As I am nearing my 40th year of self employment, being a disruptive technology is a helpful notion – especially for those who have wondered for many years what it is I exactly do!

Over the years I have tried a variety of ways to provide an answer – while ‘free range feral’ appealed to me at one time, it probably would not have engendered confidence in potential employers. Charles Handy used the term ‘portfolio worker’ to describe people whose life was a mix of activities, paid and unpaid. While this provided a veneer of respectability for the somewhat unemployable, it still did not answer the question. I finally reverted to’ I do stuff’ – some of which I get paid for’.

So it was with a great sense of relief when I first encountered Dave, and the Cynefin framework in 2003 and discovered a way of describing and revelling in being disruptive – not for its own sake, but with purpose and intent. Disruption is a life long theme for me… something which came naturally and was unable to be tamed. Now I had a way of describing it.

I have been fortunate over my working life to have had a number of natural complexity workers as mentors, colleagues, champions and bosses. I am not sure who was the attractor – but the attractions certainly served me well in providing opportunities in workplace reform, leadership development, public administration, community activism, organisation and community development. – in Australia and Asia. Looking back I know that many of my efforts would have benefited greatly from having the framework – to explain to myself and others what we were doing and why.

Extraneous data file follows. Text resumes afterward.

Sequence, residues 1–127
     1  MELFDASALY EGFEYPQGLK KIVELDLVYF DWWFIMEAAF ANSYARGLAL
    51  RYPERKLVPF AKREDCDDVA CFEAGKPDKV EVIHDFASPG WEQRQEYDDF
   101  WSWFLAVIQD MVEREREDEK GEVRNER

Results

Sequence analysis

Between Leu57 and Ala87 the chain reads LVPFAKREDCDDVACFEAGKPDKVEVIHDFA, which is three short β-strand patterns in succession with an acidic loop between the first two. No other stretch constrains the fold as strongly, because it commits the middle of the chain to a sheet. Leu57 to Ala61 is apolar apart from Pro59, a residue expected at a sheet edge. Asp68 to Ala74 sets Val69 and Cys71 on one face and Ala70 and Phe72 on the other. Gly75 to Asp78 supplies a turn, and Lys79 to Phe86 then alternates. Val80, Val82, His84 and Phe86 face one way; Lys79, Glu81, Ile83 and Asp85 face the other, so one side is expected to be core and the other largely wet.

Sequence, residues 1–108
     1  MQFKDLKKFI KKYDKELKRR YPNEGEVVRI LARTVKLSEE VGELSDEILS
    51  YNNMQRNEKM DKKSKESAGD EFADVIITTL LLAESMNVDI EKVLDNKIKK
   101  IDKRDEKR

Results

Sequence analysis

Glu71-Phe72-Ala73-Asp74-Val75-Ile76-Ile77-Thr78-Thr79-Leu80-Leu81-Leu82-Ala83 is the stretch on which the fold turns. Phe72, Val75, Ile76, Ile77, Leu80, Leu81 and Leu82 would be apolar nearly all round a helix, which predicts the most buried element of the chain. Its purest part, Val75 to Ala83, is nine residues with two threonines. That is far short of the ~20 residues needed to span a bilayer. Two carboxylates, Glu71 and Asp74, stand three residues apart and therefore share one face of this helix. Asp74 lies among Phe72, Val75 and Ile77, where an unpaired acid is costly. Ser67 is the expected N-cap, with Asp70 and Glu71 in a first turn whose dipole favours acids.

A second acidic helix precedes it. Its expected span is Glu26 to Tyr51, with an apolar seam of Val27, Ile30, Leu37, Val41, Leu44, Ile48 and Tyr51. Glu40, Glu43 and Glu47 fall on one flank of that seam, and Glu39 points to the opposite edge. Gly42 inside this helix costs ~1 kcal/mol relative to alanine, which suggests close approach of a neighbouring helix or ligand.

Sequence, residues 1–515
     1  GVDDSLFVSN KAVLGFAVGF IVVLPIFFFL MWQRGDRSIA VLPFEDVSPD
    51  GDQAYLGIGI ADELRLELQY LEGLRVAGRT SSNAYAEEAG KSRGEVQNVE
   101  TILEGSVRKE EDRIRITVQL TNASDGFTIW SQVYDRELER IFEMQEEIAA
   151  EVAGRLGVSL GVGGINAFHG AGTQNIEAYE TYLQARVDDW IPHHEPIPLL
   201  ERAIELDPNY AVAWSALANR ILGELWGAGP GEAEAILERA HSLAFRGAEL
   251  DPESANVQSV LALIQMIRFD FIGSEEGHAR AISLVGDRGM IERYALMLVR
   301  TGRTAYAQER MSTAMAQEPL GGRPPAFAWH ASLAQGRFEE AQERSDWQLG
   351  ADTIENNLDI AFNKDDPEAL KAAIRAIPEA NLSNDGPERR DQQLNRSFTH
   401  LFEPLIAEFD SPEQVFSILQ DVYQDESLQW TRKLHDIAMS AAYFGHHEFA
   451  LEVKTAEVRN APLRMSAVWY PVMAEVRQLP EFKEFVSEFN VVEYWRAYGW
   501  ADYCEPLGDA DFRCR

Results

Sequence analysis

Embracing all aspects of disruption, the impact and consequences, both planned and unplanned seems to me to be an important part of being a Cognitive Edge practitioner. The tools and methods – and underlying philosophies – are disruptive to those who use it and those who it is used upon. As a practitioner I am constantly engaged in selecting which tools and processes to use, the level of disruption that might be tolerated, and when to ‘back off’. It is some of these issues that will form the basis of my reflections over the next 2 weeks.

The tensions of implementation were explored recently with a group of practitioners in Melbourne including…

* What are fundamental philosophies and values embedded in Cognitive Edge tools that cannot be compromised – without compromising the outcome?

* What are the core capabilities needed by facilitators and participants to effectively engage in disruption?

* When does the facilitator walk away from a process or assignment?

* How much resistance is too much resistance?

More on this in a day or so.

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